"I'm hearing from lots of hard-headed practical people that it's ducky to lie
and say the guy's family is being taken hostage (when really it's all just a
normal intel exam) in order to achieve the greater good of catching the bad
guy. So why is it not also okay to lie and say it's just a normal intel exam
when really they're being taken hostage? If the ends justify the means, why not?
And if they do, then why bother with Catholic morality at all? It seems to me
we're really saying "Catholic morality is a pleasant thought, but we are, of
course, dispensed from it when it interferes with real world American policy
needs." It also seems to me we're being asked to believe, "Americans will lie to
Iraqi bad guys and tell them their family is being held hostage (when really
they are just in for routine questioning) in pursuit of the greater good, but
they would never lie to the press or us and say the family would have been
released 'in due course'." That's a leap of faith unjustified by broad
experience with the species homo sapiens. I'm odd this way, but I find "ends justify the
means" thinking corrupt and corrupting, even when Americans (who are, of
course, exempt from original sin) do it. I tend to think that when you get used
lying to bad guys, you will also find it rather easy to lie to anybody else
once you've decided that the greater good demands it."

And there is this:

We Have Ways of Making You Talk


"Actually, we know from other documents declassified over the years that when
it comes to questioning hard cases, dependency is a whole lot more important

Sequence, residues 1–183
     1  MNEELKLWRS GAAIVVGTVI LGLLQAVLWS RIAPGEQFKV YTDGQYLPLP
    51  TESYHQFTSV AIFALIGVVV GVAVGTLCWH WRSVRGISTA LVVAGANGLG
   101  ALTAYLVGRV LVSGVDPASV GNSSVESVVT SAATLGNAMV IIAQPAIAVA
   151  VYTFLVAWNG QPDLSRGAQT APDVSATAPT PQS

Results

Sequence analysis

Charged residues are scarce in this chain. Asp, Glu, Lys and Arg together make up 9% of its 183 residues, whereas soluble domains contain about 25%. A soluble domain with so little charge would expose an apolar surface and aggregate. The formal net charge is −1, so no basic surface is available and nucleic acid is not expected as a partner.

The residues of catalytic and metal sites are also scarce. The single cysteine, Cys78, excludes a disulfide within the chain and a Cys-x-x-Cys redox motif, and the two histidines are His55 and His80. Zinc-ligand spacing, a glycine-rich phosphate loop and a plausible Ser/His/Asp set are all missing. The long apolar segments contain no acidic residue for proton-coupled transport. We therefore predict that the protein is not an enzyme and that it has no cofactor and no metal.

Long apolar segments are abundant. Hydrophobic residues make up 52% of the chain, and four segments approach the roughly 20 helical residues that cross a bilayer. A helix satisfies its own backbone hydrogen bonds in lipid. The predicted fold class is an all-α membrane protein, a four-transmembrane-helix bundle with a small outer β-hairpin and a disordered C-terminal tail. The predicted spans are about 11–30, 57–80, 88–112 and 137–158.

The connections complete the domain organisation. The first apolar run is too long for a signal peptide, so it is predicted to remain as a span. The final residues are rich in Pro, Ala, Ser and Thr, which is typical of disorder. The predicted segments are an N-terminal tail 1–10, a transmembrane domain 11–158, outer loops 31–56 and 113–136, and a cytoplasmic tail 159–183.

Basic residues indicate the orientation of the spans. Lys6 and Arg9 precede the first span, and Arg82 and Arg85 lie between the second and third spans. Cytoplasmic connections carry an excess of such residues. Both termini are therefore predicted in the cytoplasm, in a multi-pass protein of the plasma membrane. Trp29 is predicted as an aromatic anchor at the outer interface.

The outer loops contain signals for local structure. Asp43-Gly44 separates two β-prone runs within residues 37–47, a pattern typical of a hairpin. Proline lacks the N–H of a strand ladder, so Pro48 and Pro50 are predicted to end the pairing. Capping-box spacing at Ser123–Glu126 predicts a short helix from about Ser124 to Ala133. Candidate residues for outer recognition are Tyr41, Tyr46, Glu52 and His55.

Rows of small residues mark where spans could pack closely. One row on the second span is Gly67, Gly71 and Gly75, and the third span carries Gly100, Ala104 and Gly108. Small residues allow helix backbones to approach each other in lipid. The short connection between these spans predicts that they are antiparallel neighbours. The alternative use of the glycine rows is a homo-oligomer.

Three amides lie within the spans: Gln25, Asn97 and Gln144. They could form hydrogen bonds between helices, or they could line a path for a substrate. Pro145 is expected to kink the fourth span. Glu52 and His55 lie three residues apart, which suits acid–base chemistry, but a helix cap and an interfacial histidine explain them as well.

than 'trust.' Suspected bad guys are isolated and dependent for every bit of
information they receive, even the time of day. The interrogators have the
power to grant or withhold permission for every bodily function, including
sleep. It's amazing how fast most people break down under such circumstances. If
that doesn't work, the treatment can get rough. But you have to read between
Jacoby's lines to figure that out.


"As one of Jacoby's subordinates in the U.S. Navy explained to me, the idea
is to keep most of the important players out of the United States. Apparently
there is no shortage of black holes in which to soften up the bad guys,
although only a few are publicized. "The most interesting thing about
interrogations is how the U.S. government and military capitalizes on the dubious status (as
sovereign states) of Afghanistan, Diego Garcia, Guantanamo Bay, Iraq and
aircraft carriers to avoid certain legal questions about rough
interrogations," my friend told me. "Whatever humanitarian pronouncements a state such as ours may
make about torture, states don't perform interrogations, individual people
do. What's going to stop an impatient soldier, in a supralegal location, from
whacking one nameless, dehumanized shopkeeper among many?"


Admiral Jacoby's rationale is fascinating: first of all, because there might
be something the interrogators missed, or can find out if there are new
suspects captured somewhere else sometime. And you wouldn't want Padilla to